Tuesday, February 10, 2009

Walking Home

Younger Sister looked up to make sure that Older Sister was still there. They walked together through the busy intersection, Younger Sister only half a step behind. She looked down at Older Sister’s sneakers, as they rhythmically flapped against the pavement, and made sure to follow closely. When they reached the sidewalk, she looked up once again and saw that Older Sister was veering to the left. Younger Sister followed closely as always and she veered to the left in precisely the same way. Older Sister never turned around. She knew that Younger Sister was following. There was no need to check. The main large intersection was behind them and they now turned into the park, away from the loud noise of motors and horns, away from the crowd and into a frail world of bent branches and singing pigeons. Younger Sister was always grateful for these brief spaces when the pavement fell behind them and the world was once again full of color and simple light. The cars were still close enough to be heard, and, in fact, some cars still rolled right by them, their wheels screeching lightly on the asphalt, as they walked on the narrow trail of dirt that made its way through the giant city park. But it was just enough quiet, just enough green, to make her imagine that they had traveled far, together, Older Sister and her, and maybe now they would be part of some great adventure, something out of the little illustrated books that she collected, and maybe the cars would eventually disappear and there would only be the two of them, walking through the woods, the deep dark forest that went on for miles and miles, a forest they had never encountered, a forest they had never known. Maybe in the sudden realization that the world had changed, maybe then Older Sister would finally turn around and look at her and check to see if she was still there.
Meanwhile Younger Sister followed, like she had followed coming out of their mother’s womb, just ten minutes behind, but in those ten minutes was a lifetime, and now Older Sister had the crowds of friends around her and the many suitors all eager for a moment of her attention, for a flash of her brilliant eyes, which were so much like hers, yet so different, and she had the ears and eyes of their teachers, and the power to decide when to walk through the park, when to take the bus, when to make their way up the stone steps that lead to the lake, and Younger Sister would follow quietly, always making sure that Older Sister’s sneakers were still ahead of her, always looking up to see where she would turn.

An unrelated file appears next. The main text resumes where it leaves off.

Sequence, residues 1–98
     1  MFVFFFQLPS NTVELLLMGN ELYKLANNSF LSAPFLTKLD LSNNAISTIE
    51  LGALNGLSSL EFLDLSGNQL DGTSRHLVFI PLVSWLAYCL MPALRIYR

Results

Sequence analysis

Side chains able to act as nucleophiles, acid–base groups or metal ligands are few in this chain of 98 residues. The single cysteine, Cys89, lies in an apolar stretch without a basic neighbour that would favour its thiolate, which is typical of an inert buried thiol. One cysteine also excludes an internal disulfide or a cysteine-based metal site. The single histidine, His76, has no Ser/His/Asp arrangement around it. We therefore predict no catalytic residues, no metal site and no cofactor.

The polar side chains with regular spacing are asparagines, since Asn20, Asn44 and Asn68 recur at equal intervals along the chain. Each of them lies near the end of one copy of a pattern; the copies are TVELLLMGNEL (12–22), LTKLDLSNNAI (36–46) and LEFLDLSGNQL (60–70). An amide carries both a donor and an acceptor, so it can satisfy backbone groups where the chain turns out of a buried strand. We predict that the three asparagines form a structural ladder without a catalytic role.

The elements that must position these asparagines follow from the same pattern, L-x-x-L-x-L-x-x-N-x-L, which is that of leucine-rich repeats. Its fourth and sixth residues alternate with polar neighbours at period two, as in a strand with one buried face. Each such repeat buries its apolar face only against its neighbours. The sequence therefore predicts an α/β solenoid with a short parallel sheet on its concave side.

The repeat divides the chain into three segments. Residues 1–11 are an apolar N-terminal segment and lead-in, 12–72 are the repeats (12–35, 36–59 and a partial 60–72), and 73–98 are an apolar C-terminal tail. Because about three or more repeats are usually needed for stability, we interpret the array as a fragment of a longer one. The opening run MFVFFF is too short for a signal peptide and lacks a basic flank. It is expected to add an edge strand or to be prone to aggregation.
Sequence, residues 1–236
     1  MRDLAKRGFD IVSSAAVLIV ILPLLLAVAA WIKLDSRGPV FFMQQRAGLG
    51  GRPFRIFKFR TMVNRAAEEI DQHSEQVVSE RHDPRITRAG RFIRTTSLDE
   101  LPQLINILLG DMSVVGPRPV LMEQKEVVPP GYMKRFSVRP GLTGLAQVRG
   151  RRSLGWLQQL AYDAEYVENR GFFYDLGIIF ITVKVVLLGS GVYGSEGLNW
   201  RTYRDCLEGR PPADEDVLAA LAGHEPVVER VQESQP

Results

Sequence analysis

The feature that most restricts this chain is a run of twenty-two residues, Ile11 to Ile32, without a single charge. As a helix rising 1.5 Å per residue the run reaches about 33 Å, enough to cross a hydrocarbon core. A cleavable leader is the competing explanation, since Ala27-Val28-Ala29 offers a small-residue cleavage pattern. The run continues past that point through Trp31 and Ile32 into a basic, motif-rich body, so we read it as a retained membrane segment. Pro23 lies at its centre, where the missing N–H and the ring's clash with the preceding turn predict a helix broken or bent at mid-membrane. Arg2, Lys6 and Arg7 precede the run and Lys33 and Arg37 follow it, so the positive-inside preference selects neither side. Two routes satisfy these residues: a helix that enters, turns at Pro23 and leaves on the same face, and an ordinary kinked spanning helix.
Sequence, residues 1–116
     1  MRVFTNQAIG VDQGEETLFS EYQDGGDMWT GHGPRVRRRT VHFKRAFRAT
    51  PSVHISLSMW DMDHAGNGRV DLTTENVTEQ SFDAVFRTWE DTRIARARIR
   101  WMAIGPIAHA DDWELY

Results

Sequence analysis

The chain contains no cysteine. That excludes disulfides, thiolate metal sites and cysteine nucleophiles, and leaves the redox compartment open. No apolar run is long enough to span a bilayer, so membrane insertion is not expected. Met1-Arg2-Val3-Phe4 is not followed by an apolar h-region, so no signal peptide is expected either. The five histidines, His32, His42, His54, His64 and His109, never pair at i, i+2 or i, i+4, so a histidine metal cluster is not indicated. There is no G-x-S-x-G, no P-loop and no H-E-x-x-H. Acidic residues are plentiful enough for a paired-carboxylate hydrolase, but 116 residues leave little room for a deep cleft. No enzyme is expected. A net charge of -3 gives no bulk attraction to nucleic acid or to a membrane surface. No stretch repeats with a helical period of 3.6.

It would take no more than ten minutes to cross the park, ten minutes to make their way through the shadows of the trees, and up and down the gentle curves of the dirt path, and across the quiet inner road, and down the slope and along the little stream and then back up through another dirt path and, by that time, the houses would be just a block away and the illusion of an endless dark forest would be finished. But in those ten minutes, Younger Sister could imagine that the path would go forever and maybe soon Older Sister would say to her "Here, this is where we should sit. Let’s sit here and talk." But of course Older Sister was just quiet, stepping with clear decision across the obstacles on her way, the little roots, the pebbles, the empty beer cans fading in the sun, and Little Sister was quiet as well, her eyes tightly focused on Older Sister’s sneakers as they stepped away in front of her.
As they made their way around the dirt path, Younger Sister saw a man’s foot sticking out of a parked car and she thought that she had seen this before. She then saw a couple laying beside each other on a white sheet and she hoped that someday she would be here with a beautiful boy that would cradle her in his arms and talk to her and tell her all the things that Older Sister would not say. She looked up to see if Older Sister had noticed the couple but she only looked straight ahead, certain of her route, impervious to any distractions. To their left was a stone bridge with arches of red brick and a woman making strange scratches on a large yellow paper. Little Sister wondered if this woman was also imagining this strange world of possibilities that opened up to her when the shadows of the trees fell on her and the loud sound of traffic faded into the past. She tried to look at the drawing that the woman was making, but she was too far away, and Older Sister would not stop. She wondered then what would happen if she just walked over and looked at the strange drawing and didn’t say anything at all. Would Older Sister just keep on crossing the street and never turn towards her? Would she just keep on walking until she was completely out of Little Sister’s sight? Would she turn around then? She felt the touch of temptation come across her, a surge of innocent lust that grew from her crotch and traveled up to her chest. She even made an initial gesture, a physical move to the right, just to see if Older Sister reacted, just to see if Older Sister did anything at all. But Older Sister just kept on walking and so did Younger Sister. It had only been an impulse and it was already a thing left behind.
It was only ten minutes across the park. It was only ten minutes of difference. But in those ten minutes there was an entire life, and in this life Older Sister lead, and Younger Sister followed. She looked up at Older Sister once again as they crossed the street, making sure that she was still there, making sure that they were still together and they quietly made their way back home.

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